The Network in Defense of Humanity adds its voice to those of thousands in the United States and around the world who are demanding Justice for George Floyd.

The image of a man of African descent being killed by a racist policeman is very common in the United States. In fact, the police murder about a thousand people annually; a disproportionate number of them are Black.

George Floyd’s murder was no different, but it has been on an exponential level since the scene of his death by torture was documented in detail as he told the white policeman “I can’t breathe”–first he appealed to his torturer, then to others to listen to him, and for the eleventh time, as his life was being extinguished, he pleaded to his dead mother. An indelible image was immediately etched into the consciousness of a world in turmoil under a pandemic that exploded onto the streets of 140 U.S. cities.

Not a word of sympathy, not a message of conciliation from Commander-in-Chief Trump about the causes that lead thousands of people to protest in the streets. Instead, he flirts with fascism and mocks the governors for not taking the military into the streets to suppress the American people.

Faced with the news that he had to be taken to a bunker for his own protection, he did not miss the opportunity to come out of his lair to have an opportunistic photo taken in front of a church with a Bible in his hand while his security forces repressed hundreds of demonstrators who were practicing the right to peaceful protest in the wake of George Floyd’s murder.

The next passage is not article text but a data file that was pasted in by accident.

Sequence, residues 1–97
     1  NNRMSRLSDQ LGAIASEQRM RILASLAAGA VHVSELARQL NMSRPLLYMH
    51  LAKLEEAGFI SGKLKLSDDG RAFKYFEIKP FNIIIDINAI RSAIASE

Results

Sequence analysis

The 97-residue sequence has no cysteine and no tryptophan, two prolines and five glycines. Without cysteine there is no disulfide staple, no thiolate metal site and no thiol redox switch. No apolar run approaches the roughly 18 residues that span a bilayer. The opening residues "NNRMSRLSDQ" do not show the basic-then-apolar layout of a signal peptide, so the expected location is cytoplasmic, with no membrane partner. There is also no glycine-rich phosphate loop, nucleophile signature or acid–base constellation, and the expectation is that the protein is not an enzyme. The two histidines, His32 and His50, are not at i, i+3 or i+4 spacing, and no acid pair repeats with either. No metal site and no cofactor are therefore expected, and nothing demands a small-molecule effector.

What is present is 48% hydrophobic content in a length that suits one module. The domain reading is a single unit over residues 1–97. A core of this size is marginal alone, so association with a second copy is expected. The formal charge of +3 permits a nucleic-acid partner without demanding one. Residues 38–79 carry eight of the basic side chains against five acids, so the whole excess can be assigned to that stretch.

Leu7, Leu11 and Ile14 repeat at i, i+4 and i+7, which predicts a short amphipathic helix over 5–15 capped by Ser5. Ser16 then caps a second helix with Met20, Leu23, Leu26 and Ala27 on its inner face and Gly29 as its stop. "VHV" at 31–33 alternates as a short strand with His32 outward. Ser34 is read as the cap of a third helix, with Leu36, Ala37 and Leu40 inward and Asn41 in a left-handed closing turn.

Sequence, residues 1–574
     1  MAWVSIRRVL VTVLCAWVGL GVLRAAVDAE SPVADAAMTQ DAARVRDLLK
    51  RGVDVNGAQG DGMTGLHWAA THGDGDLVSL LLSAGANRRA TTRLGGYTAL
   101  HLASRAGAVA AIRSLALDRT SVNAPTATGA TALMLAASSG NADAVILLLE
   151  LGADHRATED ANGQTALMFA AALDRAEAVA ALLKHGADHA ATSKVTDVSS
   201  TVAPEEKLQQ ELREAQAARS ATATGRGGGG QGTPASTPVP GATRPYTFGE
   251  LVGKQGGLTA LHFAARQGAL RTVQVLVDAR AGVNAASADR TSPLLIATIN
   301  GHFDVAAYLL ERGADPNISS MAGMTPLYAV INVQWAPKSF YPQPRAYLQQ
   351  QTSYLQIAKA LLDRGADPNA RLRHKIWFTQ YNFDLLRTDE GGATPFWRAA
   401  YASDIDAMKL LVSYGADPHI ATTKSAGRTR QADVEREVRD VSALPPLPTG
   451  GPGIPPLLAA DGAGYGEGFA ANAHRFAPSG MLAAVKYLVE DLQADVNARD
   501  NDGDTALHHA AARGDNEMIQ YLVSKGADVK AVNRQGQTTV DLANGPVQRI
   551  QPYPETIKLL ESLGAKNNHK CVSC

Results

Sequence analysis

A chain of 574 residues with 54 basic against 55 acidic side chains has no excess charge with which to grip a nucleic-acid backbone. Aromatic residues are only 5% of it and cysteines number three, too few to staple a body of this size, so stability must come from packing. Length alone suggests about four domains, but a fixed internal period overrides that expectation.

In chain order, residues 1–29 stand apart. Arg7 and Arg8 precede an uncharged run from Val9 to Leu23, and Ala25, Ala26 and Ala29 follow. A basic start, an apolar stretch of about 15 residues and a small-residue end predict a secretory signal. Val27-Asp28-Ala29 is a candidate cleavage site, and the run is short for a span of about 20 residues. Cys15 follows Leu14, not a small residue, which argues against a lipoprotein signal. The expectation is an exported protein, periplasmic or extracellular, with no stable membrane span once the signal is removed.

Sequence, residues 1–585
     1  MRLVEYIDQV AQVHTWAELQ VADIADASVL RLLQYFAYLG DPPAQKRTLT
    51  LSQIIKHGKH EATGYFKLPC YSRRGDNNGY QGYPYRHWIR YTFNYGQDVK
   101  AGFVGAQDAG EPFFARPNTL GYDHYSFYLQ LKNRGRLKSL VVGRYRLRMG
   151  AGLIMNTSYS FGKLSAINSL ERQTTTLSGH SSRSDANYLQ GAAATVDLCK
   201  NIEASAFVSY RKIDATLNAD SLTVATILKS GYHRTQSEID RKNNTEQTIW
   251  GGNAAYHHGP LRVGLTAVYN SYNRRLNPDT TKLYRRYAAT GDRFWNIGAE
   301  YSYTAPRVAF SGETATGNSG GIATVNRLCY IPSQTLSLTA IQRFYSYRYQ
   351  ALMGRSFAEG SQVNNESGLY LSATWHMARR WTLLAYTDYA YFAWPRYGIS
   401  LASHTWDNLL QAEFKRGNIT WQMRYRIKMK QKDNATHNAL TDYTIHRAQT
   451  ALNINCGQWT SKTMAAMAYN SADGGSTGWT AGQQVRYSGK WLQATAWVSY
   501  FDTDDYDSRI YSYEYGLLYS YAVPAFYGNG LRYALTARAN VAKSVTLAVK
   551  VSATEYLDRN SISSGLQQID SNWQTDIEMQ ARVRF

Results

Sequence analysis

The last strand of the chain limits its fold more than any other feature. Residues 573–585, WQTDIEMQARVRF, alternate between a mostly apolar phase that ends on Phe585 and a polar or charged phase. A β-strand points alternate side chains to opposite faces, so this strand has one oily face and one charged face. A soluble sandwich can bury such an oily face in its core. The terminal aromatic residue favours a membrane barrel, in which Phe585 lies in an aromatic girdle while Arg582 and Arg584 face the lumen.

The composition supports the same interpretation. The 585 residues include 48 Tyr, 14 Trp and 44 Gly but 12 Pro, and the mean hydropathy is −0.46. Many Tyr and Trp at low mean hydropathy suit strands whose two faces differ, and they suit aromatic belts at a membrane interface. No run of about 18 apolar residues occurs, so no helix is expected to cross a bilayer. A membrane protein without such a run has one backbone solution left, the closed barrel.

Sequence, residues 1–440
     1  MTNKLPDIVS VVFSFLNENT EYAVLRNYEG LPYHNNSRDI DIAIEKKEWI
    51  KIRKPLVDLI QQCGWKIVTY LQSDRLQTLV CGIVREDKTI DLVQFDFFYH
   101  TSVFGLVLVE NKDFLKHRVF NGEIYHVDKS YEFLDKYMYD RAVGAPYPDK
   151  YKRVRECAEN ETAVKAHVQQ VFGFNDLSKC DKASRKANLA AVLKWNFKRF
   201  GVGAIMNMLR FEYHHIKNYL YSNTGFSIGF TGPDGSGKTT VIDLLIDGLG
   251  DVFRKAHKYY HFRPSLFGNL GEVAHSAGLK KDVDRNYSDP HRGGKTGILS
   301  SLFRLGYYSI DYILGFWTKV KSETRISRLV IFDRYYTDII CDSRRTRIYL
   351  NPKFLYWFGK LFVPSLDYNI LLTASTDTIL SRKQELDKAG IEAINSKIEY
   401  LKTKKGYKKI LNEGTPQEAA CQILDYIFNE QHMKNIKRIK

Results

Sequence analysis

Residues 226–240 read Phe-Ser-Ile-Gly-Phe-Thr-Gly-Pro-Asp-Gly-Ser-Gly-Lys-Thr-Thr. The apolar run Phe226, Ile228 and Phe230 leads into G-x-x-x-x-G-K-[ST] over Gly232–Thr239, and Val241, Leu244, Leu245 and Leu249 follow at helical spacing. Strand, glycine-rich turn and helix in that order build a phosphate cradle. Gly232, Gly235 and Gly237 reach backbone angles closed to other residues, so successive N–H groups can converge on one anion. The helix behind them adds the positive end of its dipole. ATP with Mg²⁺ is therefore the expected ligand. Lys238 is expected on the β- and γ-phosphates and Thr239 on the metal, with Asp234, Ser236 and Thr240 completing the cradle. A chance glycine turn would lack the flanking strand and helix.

The State has received a blow of significant magnitude from the current uprising. The demonstrations are multiracial, composed mostly of young people who are becoming aware of their own deprivation of rights, due to the economic crisis that has been multiplied by the COVID-19 pandemic. Although this crisis seems different, it has not meant that the ruling class has stopped using its old remedies to put the status quo of oppression and poverty back in order.

Now, as the corporate media is making a distinction between good and violent protesters, in an attempt to divide the resurgent movement, the words of Martin Luther King resonate on the streets of big cities: “A riot is the language of the unheard.”

The demand for justice for George Floyd is a basic human rights issue, a term that Trump uses to violate the sovereignty of other countries, and the violations of that right is a mirror of his domestic policies in which it can be clearly seen how the state has utterly failed to combat the COVID-19 pandemic and to recognize and protect the human right to health of the poor and working-class, including black communities and undocumented immigrants.

The current administration’s handling of police violence is an inherent pillar of U.S. doctrines and values and can only be reformed with radical and profound changes.

Justice for George Floyd!

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